By Alex Kane
Newt Gingrich’s jaunt to New York early this month was well–covered in the media, but one crucial aspect went unexplored: the Israel lobby angle. But good reporting from The Jewish Week‘s Adam Dickter makes clear that Gingrich came to New York looking for right-wing Jewish campaign donors who are hardline supporters of Israel.
Dickter reports that Gingrich has only raised around $52,000 from New York campaign donors, a paltry sum compared to Mitt Romney’s New York totals. So Gingrich came to New York in search of some much-needed funds in order to compete with Romney, his chief rival for the Republican nomination.
Not coincidentally, Gingrich’s controversial remarks on Palestinians came only a few days after a major New York meeting with donors.
Who did Gingrich meet with? Dickter reports:
On Dec. 6, at the Hyatt in Midtown, Gingrich met with some 30 prominent Jewish New Yorkers, including Daily News publisher Morton Zuckerman, an ex-chairman of the Conference of Presidents of Major American Jewish Organizations; developer and Republican Jewish Coalition co-founder George Klein; Presidents Conference executive vice chairman Malcolm Hoenlein; National Council of Young Israel Executive Director Rabbi Pesach Lerner and Brooklyn Assemblyman Dov Hikind.
Zionist Organization of America President Morton Klein, who lives in Pennsylvania, also attended.
“[Gingrich] was extremely impressive,” said Hikind, a Democrat, who has been said to be considering an endorsement of Gingrich, whose views are in line with many constituents of Hikind’s heavily Orthodox Borough Park and Flatbush district. “There are a lot of people from my part of the Jewish community that are pro-Israel that really like the guy. There’s no question that he is refreshing.”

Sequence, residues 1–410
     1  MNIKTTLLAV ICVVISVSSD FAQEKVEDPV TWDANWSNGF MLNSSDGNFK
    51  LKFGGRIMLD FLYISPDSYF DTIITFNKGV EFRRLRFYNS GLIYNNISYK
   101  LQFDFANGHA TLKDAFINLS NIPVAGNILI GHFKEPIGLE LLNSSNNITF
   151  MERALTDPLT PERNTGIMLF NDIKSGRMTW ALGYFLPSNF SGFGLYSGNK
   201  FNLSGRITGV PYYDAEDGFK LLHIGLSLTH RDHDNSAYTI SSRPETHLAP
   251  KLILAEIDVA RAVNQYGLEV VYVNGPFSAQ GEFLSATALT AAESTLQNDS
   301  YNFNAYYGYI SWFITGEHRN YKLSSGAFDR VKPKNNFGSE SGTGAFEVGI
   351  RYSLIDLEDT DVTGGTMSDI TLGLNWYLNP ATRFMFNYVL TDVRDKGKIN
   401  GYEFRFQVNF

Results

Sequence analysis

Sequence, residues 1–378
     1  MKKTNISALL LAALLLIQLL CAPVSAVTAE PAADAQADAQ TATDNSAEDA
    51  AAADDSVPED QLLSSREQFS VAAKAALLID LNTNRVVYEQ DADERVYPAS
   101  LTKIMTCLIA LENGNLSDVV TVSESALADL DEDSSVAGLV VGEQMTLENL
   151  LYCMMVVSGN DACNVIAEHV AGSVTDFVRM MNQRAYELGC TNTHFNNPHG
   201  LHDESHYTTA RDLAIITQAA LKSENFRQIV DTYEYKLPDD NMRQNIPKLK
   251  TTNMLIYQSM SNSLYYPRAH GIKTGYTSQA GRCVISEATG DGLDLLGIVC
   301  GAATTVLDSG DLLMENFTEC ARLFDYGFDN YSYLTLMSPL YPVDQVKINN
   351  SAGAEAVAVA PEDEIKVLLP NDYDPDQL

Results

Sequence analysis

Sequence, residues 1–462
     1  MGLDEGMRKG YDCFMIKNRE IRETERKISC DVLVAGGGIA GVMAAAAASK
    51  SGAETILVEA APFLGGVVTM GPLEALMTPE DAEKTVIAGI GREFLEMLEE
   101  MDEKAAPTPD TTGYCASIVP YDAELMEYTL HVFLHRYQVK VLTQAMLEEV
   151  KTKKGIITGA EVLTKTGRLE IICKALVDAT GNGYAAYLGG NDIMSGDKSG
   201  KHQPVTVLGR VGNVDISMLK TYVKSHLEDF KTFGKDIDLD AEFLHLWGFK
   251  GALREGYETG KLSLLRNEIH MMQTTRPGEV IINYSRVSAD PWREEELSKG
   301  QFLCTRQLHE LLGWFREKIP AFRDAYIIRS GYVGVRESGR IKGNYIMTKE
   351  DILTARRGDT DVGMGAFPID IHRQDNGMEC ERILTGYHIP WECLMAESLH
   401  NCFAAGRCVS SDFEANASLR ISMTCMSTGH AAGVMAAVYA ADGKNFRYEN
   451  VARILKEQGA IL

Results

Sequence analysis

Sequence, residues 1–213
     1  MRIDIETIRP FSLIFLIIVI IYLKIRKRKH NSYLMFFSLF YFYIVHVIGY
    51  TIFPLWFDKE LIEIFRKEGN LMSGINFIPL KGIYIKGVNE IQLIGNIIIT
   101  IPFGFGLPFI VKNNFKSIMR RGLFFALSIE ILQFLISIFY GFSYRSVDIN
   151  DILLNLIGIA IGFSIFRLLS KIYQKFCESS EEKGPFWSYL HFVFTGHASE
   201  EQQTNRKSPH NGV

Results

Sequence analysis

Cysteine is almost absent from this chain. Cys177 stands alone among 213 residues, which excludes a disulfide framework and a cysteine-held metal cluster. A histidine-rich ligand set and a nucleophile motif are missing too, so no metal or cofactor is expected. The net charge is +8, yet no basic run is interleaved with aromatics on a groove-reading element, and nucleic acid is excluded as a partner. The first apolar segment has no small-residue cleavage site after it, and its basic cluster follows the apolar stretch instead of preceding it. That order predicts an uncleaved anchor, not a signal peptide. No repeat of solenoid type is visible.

Gingrich’s meeting was an effort to broaden his appeal to donors who are right-wing on Israel, and his remarks about Palestinians are part of that effort. Already in Gingrich’s corner is “Lawrence Kadish, a Long Island-based real estate investor and co-founder of the Republican Jewish Coalition,” reports Dickter. “Kadish is president of First Fiscal Trust and a resident of Old Westbury. He serves on the board of the conservative think tanks Hudson Institute and Claremont Institute and supports the pro-Israel media-watch organizations CAMERA and MEMRI.” But Gingrich needs more money, and so he’s pandering hard to the right on Israel. It will also help in Iowa, where Gingrich wants to capture the Christian evangelical vote, a vote that is solidly Zionist.
Note that his meeting in New York was bipartisan. It’s not just Republican Jewish donors Gingrich is looking to for help; it’s also Democrats like Dov Hikind (who is quite conservative for a Democrat) and Mort Zuckerman. And they’re all about Israel. It’s another example of how the Israel lobby crosses party lines.
Thomas Friedman today said that Congress’ standing ovations for Benjamin Netanyahu was “bought and paid for by the Israel lobby.” He could also extend that line of thinking to include the presidential candidates, including Obama. Sure, Gingrich is tapping into genuine support for Israel among some Americans. But the financing of his campaign is a core reason why Gingrich continues to run to the hard right on Israel. Perhaps now, with an opening in the discourse, we can talk frankly about why Gingrich, and Obama, come to New York and talk about Israel.
Alex Kane is a staff reporter for Mondoweiss. Follow him on Twitter @alexbkane.